Pure Motivation

I’ve been reading stuff lately from a once-famous triathlete (relax, I haven’t gone over to the dark side yet), and I really clicked with something I read on his blog lately. He mentions that good pro athletes can separate their self esteems from whether they win or lose. It doesn’t crush them to lose, even if they hate when it happens. They’re still willing to come out and do it again.

Does that describe you?

See, I’m not so sure it describes me. I think I’ve always wanted to be the best at something, and sometimes I might’ve thought it would be riding a bike uphill. But that’s absurd. I mean, really, I can beat plenty of amateurs–as evidenced by my luck at the Kelly Canyon race and at the BYU-I sprint triathlon (whoops, I just exposed my dark side roots, didn’t I?), but the highest I’ve placed in a hillclimb was 39th at my first bike race ever.

So why do you race/ride your bike? Is it so you can satisfy your ego? Is it so you can be ‘the best’ at a particular discipline?

One thing blogging has taught me: I can be really insecure sometimes. I allow my ego to be attached to certain ridiculous things. Since this isn’t a confessional blog (is any blog exempt?) I won’t bore you with the details, but needless to say, I have my egotistical moments at times.

So that’s my goal this year: to ride/race for the sake of enjoying riding or racing; to push my own limits and then be satisfied with the result knowing that I’ve done it with pure motivation–an honest desire to gauge my own fitness.

That’s not asking too much, is it?

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2 thoughts on “Pure Motivation

  1. Jason

     
     
     
     

    Reading your blog made me reflect a little about my past accomplishments. Thinking back, I have to say that the majority of my greatest achievements that I\’ve ever made on the bike have all been outside of any race or timed events.
     
    And yeah sure, I\’ve had achievements at the races. But the most memorable ones are things like beating the cat. 3 hotshot to the top of my mountain back home in Caly (Mt. Diablo), or winning the final sprint of a long club ride. It\’s moments like these that really define you as a rider and as a person.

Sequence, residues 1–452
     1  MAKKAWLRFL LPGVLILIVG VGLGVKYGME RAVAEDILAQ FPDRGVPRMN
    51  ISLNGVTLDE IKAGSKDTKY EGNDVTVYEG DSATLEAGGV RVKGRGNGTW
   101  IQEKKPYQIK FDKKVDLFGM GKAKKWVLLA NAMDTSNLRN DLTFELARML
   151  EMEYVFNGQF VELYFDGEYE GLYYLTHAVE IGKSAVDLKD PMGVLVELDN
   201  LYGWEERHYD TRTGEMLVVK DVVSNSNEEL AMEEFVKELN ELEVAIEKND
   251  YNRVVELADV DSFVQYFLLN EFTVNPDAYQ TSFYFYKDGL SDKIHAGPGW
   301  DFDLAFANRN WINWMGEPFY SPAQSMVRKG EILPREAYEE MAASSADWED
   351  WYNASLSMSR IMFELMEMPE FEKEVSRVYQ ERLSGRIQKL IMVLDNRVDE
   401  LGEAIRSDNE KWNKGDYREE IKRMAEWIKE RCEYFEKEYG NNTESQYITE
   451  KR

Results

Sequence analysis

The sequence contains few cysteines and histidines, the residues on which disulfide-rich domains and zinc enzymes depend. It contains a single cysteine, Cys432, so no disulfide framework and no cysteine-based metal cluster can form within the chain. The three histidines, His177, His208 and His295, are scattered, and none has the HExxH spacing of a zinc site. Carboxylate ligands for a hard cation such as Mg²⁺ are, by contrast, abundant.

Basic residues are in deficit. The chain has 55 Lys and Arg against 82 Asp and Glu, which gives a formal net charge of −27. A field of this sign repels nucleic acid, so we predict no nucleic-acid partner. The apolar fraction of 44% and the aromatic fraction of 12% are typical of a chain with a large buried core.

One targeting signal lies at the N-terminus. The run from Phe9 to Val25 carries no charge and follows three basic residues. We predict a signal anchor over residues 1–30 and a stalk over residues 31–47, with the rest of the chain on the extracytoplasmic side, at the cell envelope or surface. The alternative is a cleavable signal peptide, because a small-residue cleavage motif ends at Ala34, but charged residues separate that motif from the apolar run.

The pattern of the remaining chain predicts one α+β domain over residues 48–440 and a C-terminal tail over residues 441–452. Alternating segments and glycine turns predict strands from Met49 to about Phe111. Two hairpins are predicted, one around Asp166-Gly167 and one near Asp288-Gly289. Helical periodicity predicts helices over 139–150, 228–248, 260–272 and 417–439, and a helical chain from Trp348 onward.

In fact, my greatest two accomplishments have absolutely nothing to do with anyone other than myself.
     
    The first achievement was when I began mountain biking about 9 years ago, back when I was just a sophomore scrub in high school. Before becoming a mountain biker I was a soft bellied, cheesy-poof eating, video game addict with no athletic ambition whatsoever.  It took me a month of walking my bike up to the top of a hill nearby the house to even begin to ride. I\’ll never forget the sense of accomplishment when I was actually able to pedal up the hill all by myself without getting off the bike.
     
    The second achievement is ongoing. Simply put it\’s forcing myself to continue riding everyday. I always say, it doesn\’t matter how many races you won or by how much, it\’s all about if you\’ve ridden today and if you\’re going to ride tomorrow. This is my second biggest accomplishment: being faithful to the everyday effort.
     
    OK, now I\’m going to get off my soap box, turn off this silent microphone of words and follow my own advice. It\’s bike time.
     
     
     
     
     

  2. Zed

    Now that you mention it, I don\’t think anything I\’ve done on the bike fits the description "biggest accomplishment," which isn\’t to say I haven\’t enjoyed doing things on the bike–racing in particular.Biggest accomplishments … hmmm … back in high school, it was always making the football team or bench pressing 185 (which took me a long time to pull off, I should mention). Lately, I suppose it\’s been more about getting my degree and managing a decent GPA along the way. Looking at my transcript after all those years really does leave a feeling of satisfaction (just wait until you graduate–you\’ll see what I mean). I suppose starting my family isn\’t really an accomplishment because I didn\’t do it alone. But it\’s something I\’ve been hoping for for a long time.Here\’s a thought: I think that\’s the fun thing about doing a race you\’ve never done before–you don\’t have a previous time to compare it to. Whatever you do is your own personal record time, and, heck, that\’s cool.

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